The Effects of Opiate Use and Hepatitis C Virus Infection on Risk of Diabetes Mellitus in the Women's Interagency HIV Study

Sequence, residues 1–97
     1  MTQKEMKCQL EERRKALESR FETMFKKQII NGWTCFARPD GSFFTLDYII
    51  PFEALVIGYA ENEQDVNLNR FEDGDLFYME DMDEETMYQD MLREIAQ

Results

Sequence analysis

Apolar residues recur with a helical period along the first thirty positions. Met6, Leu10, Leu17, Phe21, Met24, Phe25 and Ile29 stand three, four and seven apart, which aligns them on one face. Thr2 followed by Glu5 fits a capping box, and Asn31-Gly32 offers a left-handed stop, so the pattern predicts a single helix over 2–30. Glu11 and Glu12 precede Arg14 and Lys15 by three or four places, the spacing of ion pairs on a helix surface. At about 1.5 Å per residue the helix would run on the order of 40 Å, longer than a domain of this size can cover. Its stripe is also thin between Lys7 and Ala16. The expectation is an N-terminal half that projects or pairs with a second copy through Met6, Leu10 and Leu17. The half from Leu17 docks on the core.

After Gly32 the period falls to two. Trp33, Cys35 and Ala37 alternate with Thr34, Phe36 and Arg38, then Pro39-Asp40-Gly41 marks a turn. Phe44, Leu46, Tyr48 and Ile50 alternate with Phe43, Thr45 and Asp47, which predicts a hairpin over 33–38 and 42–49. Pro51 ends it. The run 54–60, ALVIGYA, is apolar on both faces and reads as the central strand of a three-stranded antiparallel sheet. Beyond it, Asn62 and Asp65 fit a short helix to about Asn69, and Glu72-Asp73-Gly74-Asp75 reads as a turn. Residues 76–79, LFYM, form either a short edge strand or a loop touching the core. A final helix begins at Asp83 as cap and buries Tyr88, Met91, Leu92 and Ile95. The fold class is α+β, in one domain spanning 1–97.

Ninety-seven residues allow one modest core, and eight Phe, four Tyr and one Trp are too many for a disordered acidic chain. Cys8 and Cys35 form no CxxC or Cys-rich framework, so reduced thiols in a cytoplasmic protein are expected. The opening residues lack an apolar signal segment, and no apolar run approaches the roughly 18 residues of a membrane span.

Opiate use is common in HIV-infected and hepatitis C virus (HCV)-infected individuals, however, its contribution to the risk of diabetes mellitus is not well understood. Prospective study of 1713 HIV-infected and 652 HIV-uninfected participants from the Women's Interagency HIV Study between October 2000 and March 2006. Diabetes defined as fasting glucose > or =126 mg/dL, self report of diabetes medication use, or confirmed diabetes diagnosis. Opiate use determined using an interviewer-administered questionnaire. Detectable plasma HCV RNA confirmed HCV infection. Current opiate users had a higher prevalence of diabetes (15%) than nonusers (10%, P = 0.03), and a higher risk of incident diabetes (adjusted relative hazard: 1.58, 95% confidence interval: 1.01 to 2.46), after controlling for HCV infection, HIV/antiretroviral therapy status, and diabetes risk factors including age, race/ethnicity, family history of diabetes, and body mass index. HCV infection was also an independent risk factor for diabetes (adjusted relative hazard: 1.61, 95% confidence interval: 1.02 to 2.52). HCV-infected women reporting current opiate use had the highest diabetes incidence (4.83 cases per 100 person-years). Among women with or at-risk for HIV, opiate use is associated with increased diabetes risk independently of HCV infection. Diabetic screening should be part of care for opiate users and those infected with HCV.